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Turning Interests into Books

I enjoy exchanging information with those I meet, especially about books and writing. A summer day at the beach with my youngest grandson Rafe led to discovering an interesting writer and later to learning her writing and publishing story. My five-year-old grandson Rafe wanted to connect with two little girls he’d met at camp who … Continue reading

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Writing with Feeling, Grounded By Place

Our connections to the important places of our lives are deeply personal, based on unique experiences and relationships. At the same time, the feelings that bind us to those places can be shared and understood by most everyone because they are tied to universal human experiences and longings — to the comfort of home, the … Continue reading

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An Interview with Personal Essayist Sandra Hurtes

Learning what keeps other writers on task with particular pieces that are difficult to finish affirms for me that as a writer, I must obey the call of the initial inspiration, even if obeying that call means sitting down again and again through draft after draft to find what I was meant to discover. It … Continue reading

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Why I Write: Essayist Sandra Hurtes’ Thoughts

Inspired by the “Why I Write” column in Poets and Writer’s magazine, essayist Sandra Hurtes examined her answer to that question, which is in the title of the following essay that appeared on October 9, 2011 in the Philadelphia Inquirer. Those of us who write, especially those of us who came late to allowing writing … Continue reading

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Editing Your Story: Tight Editing Helps Writers Find the Gold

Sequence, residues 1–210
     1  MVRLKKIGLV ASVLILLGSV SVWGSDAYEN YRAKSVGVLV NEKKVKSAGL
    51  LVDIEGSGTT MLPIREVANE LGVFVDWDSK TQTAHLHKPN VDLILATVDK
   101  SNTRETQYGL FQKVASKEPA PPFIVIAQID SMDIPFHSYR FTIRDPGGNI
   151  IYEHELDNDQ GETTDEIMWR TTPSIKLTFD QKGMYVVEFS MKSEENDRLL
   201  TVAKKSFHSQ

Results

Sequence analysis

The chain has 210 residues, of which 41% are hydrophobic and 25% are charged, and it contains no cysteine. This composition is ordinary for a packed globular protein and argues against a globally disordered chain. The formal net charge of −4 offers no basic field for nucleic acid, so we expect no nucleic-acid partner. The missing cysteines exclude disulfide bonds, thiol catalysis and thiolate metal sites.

Finished writing has to sound natural, but it isn’t “just like talking.” When we talk, our listeners are aware that what we are saying is our story. As authors, we send our words out into the world without our gestures and tones of voice. When people read our words, they have to feel that what … Continue reading

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16 Reflections on Writing a Buddhist (or Any) Poem

I In the high reaches of the Bear River Mountains of Northern Utah the leaves of the big tooth maples are turning red, and the sky arches a rich blue over the campus of Utah State University. I think of my own college student days, the world opening before me with continents of thought and … Continue reading

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A Jumpstart for Writing Your Memoir: Lessons from Dr. Audrey Young’s Book

In a local bookstore, I came across What Patients Taught Me: A Medical Student’s Journey, a memoir by Audrey Young, MD, about how her medical school training in a special University of Washington program facilitated her growth as a person-centered physician. I read the book’s preface standing there by the staff picks. During her rotations … Continue reading